Students at Harvard and Yale are demanding a “universal pass” grading system for their online courses in the wake of coronavirus-induced campus evacuations.
A coalition of Yale students recommends students get credit for every class, receiving a “P” (“Pass”) grade instead of traditional letter grades. According to the Yale Daily News, the main reason for the appeal is “equity.”
Student Eileen Huang, a proponent of the new grading system, said many students are too “burdened by sickness, hectic home lives or living thousands of miles away from the University — to devote the same level of attention and focus to their classes as they would” in person.
Huang added the proposal “is just a very fair grading system. People come from different circumstances.”
Yale English professor Alanna Hickey said she is in “full support” of the new system: “[A]t this point I’m convinced it’s the only way to guarantee that instructors don’t inadvertently disadvantage members of our student body who unexpectedly find themselves continuing their coursework away from campus.”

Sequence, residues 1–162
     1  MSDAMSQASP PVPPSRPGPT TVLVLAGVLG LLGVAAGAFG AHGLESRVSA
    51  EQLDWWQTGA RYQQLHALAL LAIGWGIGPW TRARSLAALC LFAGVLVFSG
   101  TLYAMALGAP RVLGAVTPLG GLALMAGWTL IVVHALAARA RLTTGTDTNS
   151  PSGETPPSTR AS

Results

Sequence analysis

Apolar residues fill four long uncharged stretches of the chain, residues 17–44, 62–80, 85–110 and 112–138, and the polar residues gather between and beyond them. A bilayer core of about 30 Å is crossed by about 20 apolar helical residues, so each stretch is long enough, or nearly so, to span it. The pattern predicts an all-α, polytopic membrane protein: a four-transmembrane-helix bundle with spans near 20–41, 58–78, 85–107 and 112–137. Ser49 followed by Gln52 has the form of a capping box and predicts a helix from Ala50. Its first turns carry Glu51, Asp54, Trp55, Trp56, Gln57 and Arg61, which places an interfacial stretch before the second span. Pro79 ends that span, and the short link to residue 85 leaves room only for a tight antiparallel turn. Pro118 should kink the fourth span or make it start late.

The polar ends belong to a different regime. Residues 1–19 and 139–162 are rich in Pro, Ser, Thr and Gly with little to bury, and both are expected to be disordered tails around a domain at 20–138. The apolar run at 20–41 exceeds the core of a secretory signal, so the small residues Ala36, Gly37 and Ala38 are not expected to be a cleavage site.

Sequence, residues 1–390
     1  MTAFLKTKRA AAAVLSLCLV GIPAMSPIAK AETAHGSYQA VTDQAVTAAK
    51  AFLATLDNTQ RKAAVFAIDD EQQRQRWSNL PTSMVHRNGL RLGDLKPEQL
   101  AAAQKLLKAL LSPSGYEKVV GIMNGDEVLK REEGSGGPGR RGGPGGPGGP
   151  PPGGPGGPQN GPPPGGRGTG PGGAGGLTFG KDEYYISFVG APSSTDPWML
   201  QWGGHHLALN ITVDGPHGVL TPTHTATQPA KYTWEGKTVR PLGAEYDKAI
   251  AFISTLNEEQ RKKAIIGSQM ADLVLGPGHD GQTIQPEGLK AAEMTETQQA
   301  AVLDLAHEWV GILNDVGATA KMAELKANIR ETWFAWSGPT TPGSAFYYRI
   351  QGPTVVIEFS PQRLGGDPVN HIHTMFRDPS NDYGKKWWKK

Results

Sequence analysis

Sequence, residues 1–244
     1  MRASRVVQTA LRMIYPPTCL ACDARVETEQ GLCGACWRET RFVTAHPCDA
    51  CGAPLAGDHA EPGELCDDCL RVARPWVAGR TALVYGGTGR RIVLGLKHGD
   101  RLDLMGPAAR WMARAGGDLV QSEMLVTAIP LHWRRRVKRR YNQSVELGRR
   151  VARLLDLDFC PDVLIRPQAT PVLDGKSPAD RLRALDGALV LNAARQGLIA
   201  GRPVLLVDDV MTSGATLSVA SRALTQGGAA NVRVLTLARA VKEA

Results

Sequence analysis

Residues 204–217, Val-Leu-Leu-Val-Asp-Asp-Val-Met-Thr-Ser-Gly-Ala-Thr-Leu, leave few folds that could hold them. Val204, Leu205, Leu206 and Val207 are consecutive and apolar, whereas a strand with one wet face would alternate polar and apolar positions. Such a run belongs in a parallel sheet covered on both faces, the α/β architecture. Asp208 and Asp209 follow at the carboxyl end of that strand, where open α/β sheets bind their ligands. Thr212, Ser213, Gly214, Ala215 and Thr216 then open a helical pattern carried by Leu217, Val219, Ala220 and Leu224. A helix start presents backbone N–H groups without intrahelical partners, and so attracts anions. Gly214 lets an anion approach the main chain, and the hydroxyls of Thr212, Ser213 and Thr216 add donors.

Computer science professor David Gelernter differed, however, saying “failure is a part of life” and “if you don’t take risks you aren’t living, you’re just rehearsing.”
Over at Harvard, The Crimson reports although “individual departments” have allowed students to take online courses pass/fail, some students have complained this system is “insufficiently equitable.”
Like Yale’s Huang, Harvard student Benjamin Sorkin said “Given the variety of conditions that students are facing right now at home — whether that’s limited internet access, or having to find a way to make money for the families, or the stress that having another individual in the household brings — it is my belief, […] that there should be a different kind of grading accommodation for students during the semester.”
Some students went further — they only want grades of “A” or “A-minus” to be given for coursework. A group dubbed “Harvard for All” started a petition in favor of this model, called “Double A,” on Wednesday, and quickly got over 500 signatures.
Those in favor of “Double A” said they “need [letter] grades for certain classes” and “rely on grades to show how they have improved academically.”
Student Denisse Carrizales argued for “Double A” and against pass/fail because first-generation and low income students have “a hard time adjusting to Harvard their freshman year or their first semester.”
“A lot of these students still want to attend a competitive graduate school or a professional school,” she said, adding that a pass/fail model doesn’t help this situation.
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